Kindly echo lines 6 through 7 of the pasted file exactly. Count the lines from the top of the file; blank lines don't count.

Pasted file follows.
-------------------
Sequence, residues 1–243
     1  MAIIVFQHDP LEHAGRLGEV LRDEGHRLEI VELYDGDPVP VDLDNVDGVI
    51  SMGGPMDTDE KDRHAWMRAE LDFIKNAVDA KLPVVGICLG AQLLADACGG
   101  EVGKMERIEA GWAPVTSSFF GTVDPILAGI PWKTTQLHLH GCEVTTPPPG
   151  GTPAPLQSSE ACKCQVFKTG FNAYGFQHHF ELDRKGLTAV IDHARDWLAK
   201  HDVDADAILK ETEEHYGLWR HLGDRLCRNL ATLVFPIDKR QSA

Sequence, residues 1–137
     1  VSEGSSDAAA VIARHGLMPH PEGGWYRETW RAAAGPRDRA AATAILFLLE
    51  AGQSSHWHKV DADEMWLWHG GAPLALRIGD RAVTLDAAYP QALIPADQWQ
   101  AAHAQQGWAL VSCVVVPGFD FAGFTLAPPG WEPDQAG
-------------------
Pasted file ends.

   201  HDVDADAILK ETEEHYGLWR HLGDRLCRNL ATLVFPIDKR QSA

Sequence, residues 1–137